The 9/11 attacks dramatically impacted American society, Greater numbers of scholars from a variety of disciplines began to engage terrorism research. Their goal was to increase understanding of a topic that pre-9/11 might have been viewed as a fringe research area. Lum, Kennedy, and Sherley (2006) systematically reviewed over 14,000 studies that evaluated the effectiveness of counterterrorism measures, published since the early 1970s. They found that over 50% of the studies were published post 9/11. This conclusion is not suprising because such 'enormous' events help justify the need for changes to be implemented. Accordingly, there was an expectation that policy makers and law enforcement personnel would build upon these studies to develop effective and innovative tactics to combat terrorism.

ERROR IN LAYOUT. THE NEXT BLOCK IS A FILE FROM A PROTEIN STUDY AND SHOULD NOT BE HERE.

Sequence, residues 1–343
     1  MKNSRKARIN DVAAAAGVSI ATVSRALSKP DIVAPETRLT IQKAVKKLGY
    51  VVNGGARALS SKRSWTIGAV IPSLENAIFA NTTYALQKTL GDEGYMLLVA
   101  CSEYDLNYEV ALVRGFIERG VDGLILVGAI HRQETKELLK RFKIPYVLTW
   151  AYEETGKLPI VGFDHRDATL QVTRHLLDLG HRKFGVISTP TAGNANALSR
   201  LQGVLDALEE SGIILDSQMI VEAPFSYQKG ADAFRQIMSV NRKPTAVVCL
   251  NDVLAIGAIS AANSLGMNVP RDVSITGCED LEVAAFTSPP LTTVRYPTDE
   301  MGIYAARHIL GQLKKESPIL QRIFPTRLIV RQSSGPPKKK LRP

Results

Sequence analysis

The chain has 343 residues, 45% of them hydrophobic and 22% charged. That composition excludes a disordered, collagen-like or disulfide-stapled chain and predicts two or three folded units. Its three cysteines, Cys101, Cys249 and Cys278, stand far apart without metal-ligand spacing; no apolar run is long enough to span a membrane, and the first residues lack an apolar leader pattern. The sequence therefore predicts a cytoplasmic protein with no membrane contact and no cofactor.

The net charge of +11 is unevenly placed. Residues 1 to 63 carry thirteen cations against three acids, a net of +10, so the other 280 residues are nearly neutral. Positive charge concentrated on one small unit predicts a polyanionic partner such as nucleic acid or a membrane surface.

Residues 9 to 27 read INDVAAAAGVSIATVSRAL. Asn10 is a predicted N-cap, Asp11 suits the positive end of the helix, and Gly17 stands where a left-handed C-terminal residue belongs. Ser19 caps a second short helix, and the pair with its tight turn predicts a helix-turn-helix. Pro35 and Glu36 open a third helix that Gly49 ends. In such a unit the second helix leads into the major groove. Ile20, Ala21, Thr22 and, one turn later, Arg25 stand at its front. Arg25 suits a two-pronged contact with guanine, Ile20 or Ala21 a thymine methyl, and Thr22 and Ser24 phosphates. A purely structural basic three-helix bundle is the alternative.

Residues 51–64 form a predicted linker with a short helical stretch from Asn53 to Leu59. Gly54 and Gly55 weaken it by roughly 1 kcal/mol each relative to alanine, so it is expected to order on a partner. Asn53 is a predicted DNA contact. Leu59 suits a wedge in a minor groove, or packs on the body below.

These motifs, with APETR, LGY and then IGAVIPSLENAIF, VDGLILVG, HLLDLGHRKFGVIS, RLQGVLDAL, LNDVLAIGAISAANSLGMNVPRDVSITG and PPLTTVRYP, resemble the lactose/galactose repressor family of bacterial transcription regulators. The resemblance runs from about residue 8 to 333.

Chermak, Steven, and Joshua Freilich, David Caspi. 2009. "Policymakers and Law Enforcement Must Consider the Unintended Consequences of Their Proposed Responses to Extremist and Terrorist Groups." In Contemporary Issues in Criminal Justice Policy: Policy Proposals from the American Society of Criminology Conference, eds. Natasha A. Frost, Joshua D. Freilich, Todd R. Clear. Belmont, CA:Wadsworth.